Traditional Witch (Interview)
[Prefatory note: I do not use the title “Lord Moondancer”, nor did the interviewer; however, the publisher of Echoed Voices felt it was necessary for some reason.]
An interview with Lord Moondancer, a Traditionalist Craft Elder
and Ladybug, his daughter
Echoed Voices: Lord Moondancer, could you give our readers a brief background and perhaps explain a bit about what the term “Traditionalist Witch” means?
Lord Moondancer: I’ve been an initiate of Traditional Craft since 1973; I was originally trained and initiated into the Georgian Tradition (http://georgianwicca.com) as a member of the second Georgian coven. I’ve been involved peripherally for most of my life with the Craft, having discovered the name for what I do at age 10 when I read a copy of Gardner’s Witchcraft Today. Since 1975, however, I’ve worked primarily in another tradition called the New England Covens of Traditionalist Witches, which developed out of the pagan family teachings of the late Gwynne Thompson.
Traditional Craft, Traditional Witchcraft and Traditional Wicca, is certainly more structured than a lot of the things that call themselves Wicca today. In brief, it generally means that there is an initiatory lineage that has been passed from one generation of Priestesses and Priests to the next, often culminating with Gerald Gardner as the penultimate “ancestor”, though this isn’t always the case. As Aidan Kelly made mention of in his book Crafting the Art of Magic, vol 1, there were certainly witchcraft groups in the US before Gardner, although they bore little to no resemblance to what Gardner passed on to his initiates.
Ladybug: I’ve been a Witch all my life. I was born into the Craft 19 years ago, and haven’t stopped practicing since. I’ve been raised doing things that most Wiccans don’t experience until much later in their lives, such as acting as Priestess in public venues (I was priestessing at five with a childhood friend, who has also been raised in the Craft, and in public since around nine years old.); a lot of what comes naturally to me takes years for others to perfect – I can be in guided meditative state in five minutes with the right guide. So far, I’ve worked in the New Reformed Orthodox Order of the Golden Dawn (NROOGD) and the New England Covens of Traditionalist Witches (NECTW). Both are nice, but I’m much more familiar with NECTW than NROOGD.
What makes a Tradition? It’s a very good question, and I’m not quite sure how to address it . . . Traditional Craft isn’t learned from books you get at your local Goth supply store, it’s learned from those that have walked the paths before you, those that have had similar experiences to your own, those that actually have an inkling of what it means to dedicate your life to an idea – a feeling – a trust in what you know is there, even if you can’t see it or touch it. That’s Traditional Wicca.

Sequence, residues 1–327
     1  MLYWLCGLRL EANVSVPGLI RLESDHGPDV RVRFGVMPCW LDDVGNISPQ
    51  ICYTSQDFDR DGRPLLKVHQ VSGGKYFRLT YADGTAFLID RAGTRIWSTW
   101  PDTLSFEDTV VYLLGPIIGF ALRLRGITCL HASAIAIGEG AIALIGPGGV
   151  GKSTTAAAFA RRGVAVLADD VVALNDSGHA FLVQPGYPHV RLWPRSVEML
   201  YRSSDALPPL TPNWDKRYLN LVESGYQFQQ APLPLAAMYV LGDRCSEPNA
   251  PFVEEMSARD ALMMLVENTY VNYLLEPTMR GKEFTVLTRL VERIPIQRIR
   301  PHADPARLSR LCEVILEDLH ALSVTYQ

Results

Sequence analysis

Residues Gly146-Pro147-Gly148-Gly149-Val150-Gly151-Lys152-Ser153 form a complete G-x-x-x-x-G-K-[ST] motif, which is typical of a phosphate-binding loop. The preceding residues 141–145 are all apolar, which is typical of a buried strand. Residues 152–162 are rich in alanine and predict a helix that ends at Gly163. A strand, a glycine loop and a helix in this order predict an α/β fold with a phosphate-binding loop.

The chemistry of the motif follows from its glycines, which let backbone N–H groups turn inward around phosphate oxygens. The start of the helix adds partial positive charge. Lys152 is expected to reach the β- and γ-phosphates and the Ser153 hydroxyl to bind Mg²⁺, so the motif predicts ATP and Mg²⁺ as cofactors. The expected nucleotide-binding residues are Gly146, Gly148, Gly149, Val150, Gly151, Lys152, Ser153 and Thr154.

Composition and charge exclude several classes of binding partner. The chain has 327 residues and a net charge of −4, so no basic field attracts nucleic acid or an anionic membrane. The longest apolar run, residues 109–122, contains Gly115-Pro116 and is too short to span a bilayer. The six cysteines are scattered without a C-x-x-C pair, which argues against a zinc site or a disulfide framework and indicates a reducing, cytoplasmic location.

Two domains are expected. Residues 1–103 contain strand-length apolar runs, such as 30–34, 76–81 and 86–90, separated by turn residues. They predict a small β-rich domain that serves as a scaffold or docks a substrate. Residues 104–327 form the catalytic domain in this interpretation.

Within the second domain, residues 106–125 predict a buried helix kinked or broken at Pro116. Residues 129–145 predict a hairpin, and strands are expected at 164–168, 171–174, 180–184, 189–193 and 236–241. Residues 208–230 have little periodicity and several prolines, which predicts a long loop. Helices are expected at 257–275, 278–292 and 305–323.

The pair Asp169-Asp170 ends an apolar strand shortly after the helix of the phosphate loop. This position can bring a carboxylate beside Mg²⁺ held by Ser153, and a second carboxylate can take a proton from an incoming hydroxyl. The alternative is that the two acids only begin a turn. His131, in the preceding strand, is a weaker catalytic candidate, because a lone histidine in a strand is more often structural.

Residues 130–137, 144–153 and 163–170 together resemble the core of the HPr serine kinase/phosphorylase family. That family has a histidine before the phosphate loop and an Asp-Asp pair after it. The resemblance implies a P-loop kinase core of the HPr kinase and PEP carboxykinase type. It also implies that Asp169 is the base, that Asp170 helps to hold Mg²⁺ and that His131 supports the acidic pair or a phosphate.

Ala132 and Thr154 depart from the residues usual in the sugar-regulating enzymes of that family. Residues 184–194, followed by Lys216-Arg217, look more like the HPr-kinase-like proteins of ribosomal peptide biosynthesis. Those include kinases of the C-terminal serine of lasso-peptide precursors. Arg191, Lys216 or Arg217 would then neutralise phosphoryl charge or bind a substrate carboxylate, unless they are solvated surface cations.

EV: Ladybug, as Lord Moondancer’s daughter, it’s my understanding that you’ve been raised in the Craft. You must have a unique perspective of the Craft that others who have been raised in other religions don’t have. Could you share some of your points of view with us?
LB: Give me a topic that’s a bit more specific, and I probably can.
EV: Can you share some of your points of view on where you see the future of the Craft going?
LB: I actually had this wonderful image the other day: I was riding in the truck with my mom, and we were talking about how we are the first family group in this particular tradition in about 25 years; and as we are bringing it back into the family, what was originally a family tradition, we really will have traditional family gatherings of Craft. I had this image of 50 years down the road, we get together for family gatherings, what most families call a reunion now, and have fun and games, and it will be just like a great big picnic, with Horned God bouncy toys and stuff. [[laughter]]
EV: I understand in the past that you’ve functioned as Priestess at public rituals. Is that difficult to prepare for?
LB: Not really, because I was thrown into it at an early age. I think I was 9 when I did my first public ritual as Priestess. Preparing for it, I have to do meditation and reflection on the Deity that I’ll be working with. For example, for the past year, we’ve been doing a series of rituals on the Persephone cycle from Eleusis, and that required considerable amounts of preparation time at the beginning. Once we got into the cycle, it became much easier to “click” into it.
EV: Lord Moondancer, could you explain some of the tenets of your Tradition?
LM: Which one? [[evil grin]] Being an initiate in more than one form of the Craft, there are different pieces that go with each one. For example, in the Georgian Tradition there is considerable emphasis placed on balancing oneself emotionally, physically and spiritually; there’s even a “Georgian Manifesto” which reads:
The aims and purposes of the Georgians shall be:
- “to honor the Gods of the Old Religion,
- to aid the members to progress and improve themselves mentally, physically and spiritually;
- to work magick for the benefit of members and any others who may seek out aid for right purposes;
- to aid others in learning the Craft who truly desire the knowledge of the Craft for proper reasons;
- to combat the untruths and to spread the truth about the Craft to those outside the Craft;
- to work for peace, harmony, and unity among the various branches of the Craft;
- to work for a better understanding of and a better relationship between man and nature.”
As for tenets, the Elders who are online have discussed this in some depth, and have come up with the following as a partial response to that:
The Georgian Tradition is normally taught and passed male to female, female to male.
The Georgian Tradition is one of many branches of the Craft; it is Traditional in that it is taught and passed generally through a coven setting and always by persons who have been Initiated and Elevated to the Priesthood, according to the rites and rituals of the Tradition. It is eclectic in that it has origins in many sources: Alexandrian, Gardnerian, Celtic and other Traditions, and values to a high degree the creativity and originality of its members.
The Georgian Tradition is considered “oath-bound”: the mysteries and lore of the Tradition are not passed to any but “Proper Persons” who have been “Properly Prepared.”
While the internet is a useful tool in learning and communication, it does not provide a means for Initiation or Elevation to other degrees within the Georgian Tradition.
EV: What can you share with us of the NECTW Tradition?